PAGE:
When cashier-less technology fails, so does the customer experience
When I go to the grocery store, I like to check out in a line that has a cashier — a real live person.
This is not because I’m old school; I’m open to new technology, especially that of the all-the-rage cashier-less technology. Unfortunately, where I grocery shop, the technology sometimes doesn’t work. I compare it to boarding an airplane these days — I know that about one-third of the time something is going to go wrong to cause the flight to be late.
It’s frustrating, especially for an impatient (I admit) person like me. But there are scores of people like me shopping in grocery stores who want to get in and out as fast as we can. And when the “computer cashier,” as I like to call it, starts blinking its red light and barking in a monotone voice that something has gone wrong, we roll our eyes and mutter to ourselves, “Here we go again.”
So I have come to loathe the computer cashier. I try to avoid it, even if I have to get in a longer line with a human who’s manning the register because I know that a human in this case is more reliant. (I’ve also come to assume that the line with the human cashier is long because other shoppers are experiencing the same difficulties with the computer cashier that I am.)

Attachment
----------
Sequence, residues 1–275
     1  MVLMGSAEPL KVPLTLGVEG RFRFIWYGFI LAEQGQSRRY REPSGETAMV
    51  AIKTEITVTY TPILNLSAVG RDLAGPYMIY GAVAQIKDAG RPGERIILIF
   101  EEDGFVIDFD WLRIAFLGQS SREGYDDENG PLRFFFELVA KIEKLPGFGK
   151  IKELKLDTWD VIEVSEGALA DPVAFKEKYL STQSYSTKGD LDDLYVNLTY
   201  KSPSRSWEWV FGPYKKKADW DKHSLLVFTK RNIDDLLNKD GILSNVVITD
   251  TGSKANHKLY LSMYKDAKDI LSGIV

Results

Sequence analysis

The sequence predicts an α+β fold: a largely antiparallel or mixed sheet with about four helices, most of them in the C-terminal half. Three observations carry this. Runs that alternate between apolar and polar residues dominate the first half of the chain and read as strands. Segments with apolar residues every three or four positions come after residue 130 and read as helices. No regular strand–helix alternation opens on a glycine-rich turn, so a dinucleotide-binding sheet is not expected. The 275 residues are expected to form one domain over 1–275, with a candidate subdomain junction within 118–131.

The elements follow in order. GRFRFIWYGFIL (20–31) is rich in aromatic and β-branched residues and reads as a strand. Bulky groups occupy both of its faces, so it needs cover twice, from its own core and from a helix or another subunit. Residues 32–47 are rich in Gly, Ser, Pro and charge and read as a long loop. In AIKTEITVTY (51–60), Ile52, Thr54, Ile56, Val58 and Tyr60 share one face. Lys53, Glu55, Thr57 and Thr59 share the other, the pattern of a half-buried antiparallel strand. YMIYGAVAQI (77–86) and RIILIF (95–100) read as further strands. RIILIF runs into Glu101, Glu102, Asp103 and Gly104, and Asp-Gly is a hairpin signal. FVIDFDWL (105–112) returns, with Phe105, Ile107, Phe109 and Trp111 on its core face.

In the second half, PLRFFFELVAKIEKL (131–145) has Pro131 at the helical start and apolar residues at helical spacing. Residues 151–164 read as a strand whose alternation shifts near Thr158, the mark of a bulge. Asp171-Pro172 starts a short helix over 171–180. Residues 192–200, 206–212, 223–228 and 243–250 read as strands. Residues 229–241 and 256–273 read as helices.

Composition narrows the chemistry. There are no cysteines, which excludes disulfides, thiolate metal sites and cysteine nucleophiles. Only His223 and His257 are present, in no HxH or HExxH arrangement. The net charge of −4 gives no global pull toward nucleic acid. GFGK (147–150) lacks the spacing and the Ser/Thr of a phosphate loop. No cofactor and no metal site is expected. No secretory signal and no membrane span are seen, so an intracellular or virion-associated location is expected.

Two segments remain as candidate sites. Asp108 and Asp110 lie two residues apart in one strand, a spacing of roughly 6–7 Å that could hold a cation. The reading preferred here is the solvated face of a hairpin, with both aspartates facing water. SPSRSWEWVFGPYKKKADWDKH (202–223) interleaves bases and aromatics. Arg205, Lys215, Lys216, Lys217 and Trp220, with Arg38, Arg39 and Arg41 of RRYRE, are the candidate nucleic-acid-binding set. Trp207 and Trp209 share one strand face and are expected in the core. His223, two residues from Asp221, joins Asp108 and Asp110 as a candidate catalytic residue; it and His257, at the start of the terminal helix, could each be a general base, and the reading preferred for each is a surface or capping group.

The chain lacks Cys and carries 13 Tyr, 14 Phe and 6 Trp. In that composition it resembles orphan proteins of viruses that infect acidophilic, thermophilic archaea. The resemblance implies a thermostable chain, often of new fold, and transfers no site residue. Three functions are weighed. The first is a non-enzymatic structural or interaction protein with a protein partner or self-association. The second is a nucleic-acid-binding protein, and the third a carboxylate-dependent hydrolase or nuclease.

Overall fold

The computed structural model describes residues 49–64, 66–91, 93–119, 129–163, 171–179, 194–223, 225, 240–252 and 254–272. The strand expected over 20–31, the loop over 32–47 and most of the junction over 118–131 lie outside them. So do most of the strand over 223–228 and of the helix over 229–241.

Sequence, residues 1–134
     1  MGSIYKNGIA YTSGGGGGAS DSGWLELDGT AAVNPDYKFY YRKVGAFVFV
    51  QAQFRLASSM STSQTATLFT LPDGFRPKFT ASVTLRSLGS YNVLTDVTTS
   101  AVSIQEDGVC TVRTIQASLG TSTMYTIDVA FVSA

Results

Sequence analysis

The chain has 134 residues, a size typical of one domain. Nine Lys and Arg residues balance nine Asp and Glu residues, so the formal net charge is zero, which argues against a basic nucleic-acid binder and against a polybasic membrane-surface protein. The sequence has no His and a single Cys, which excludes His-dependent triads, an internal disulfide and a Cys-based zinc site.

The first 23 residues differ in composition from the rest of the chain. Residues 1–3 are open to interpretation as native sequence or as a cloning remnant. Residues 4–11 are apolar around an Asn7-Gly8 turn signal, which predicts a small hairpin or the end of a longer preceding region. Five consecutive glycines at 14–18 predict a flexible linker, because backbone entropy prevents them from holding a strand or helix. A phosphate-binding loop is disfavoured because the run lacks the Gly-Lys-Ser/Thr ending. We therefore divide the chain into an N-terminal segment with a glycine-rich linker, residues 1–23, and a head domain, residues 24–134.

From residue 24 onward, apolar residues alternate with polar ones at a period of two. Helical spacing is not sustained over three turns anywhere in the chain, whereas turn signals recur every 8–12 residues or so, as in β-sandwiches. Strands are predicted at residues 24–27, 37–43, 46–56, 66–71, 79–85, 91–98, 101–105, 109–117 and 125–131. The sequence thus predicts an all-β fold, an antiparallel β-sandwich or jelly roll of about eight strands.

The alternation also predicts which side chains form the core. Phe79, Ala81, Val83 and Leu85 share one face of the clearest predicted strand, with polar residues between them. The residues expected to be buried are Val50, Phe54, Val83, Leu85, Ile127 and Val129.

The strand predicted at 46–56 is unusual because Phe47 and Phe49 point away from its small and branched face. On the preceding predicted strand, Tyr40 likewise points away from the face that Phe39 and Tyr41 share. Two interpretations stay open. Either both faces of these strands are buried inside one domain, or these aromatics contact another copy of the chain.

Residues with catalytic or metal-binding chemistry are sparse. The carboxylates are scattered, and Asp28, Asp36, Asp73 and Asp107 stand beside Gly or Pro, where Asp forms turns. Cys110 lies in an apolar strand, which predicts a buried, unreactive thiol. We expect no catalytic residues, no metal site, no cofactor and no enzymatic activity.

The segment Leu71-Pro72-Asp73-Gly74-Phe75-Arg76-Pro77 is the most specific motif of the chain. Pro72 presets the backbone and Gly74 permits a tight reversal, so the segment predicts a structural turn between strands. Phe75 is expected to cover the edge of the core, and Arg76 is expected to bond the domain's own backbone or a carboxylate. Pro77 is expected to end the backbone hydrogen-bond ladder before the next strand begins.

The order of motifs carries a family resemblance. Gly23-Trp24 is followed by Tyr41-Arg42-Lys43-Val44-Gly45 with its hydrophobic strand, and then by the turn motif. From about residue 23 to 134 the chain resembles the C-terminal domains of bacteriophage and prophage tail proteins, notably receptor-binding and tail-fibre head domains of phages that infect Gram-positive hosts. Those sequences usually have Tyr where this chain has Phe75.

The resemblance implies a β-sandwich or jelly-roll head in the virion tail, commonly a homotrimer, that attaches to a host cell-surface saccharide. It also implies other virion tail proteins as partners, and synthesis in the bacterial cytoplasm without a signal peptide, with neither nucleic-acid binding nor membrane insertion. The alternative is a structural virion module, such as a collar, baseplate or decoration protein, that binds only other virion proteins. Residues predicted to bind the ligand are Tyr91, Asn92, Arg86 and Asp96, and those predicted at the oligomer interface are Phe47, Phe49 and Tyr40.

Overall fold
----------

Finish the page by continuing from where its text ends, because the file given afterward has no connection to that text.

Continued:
So, as a consumer and not as someone who thinks he knows everything there is to know about the grocery industry (I don’t), I’m asking retailers to make darn sure that any automated technology they adopt works before they roll it out. If it works one-third of the time (like my experiences with the airlines), that’s a poor score. Even if it works nine out of 10 times, that’s simply not good enough.
Where I go to shop, the computer cashier may or may not have improved over the past few years. I’m simply not sure because I try to avoid it. There have been times when I get along just fine with the computer cashier, times I consider morale victories. There have also been times where I have probably messed something up, causing the computer cashier to alert a human employee that it’s time to intervene because it is dealing with a dumb customer. But checking out groceries correctly shouldn’t be on me.
A retailer’s intangible store brand is its customer experience. It can be argued that this is the most important store brand of all. Who wants to set foot in a store that provides a lousy customer experience, be it from humans or automation?
One thing I will say about the store I shop: It offers a fantastic customer experience from a people perspective, even though I get the feeling the employees are short-handed at times. I just hope automation doesn’t ruin it to the point that I don’t want to go there anymore.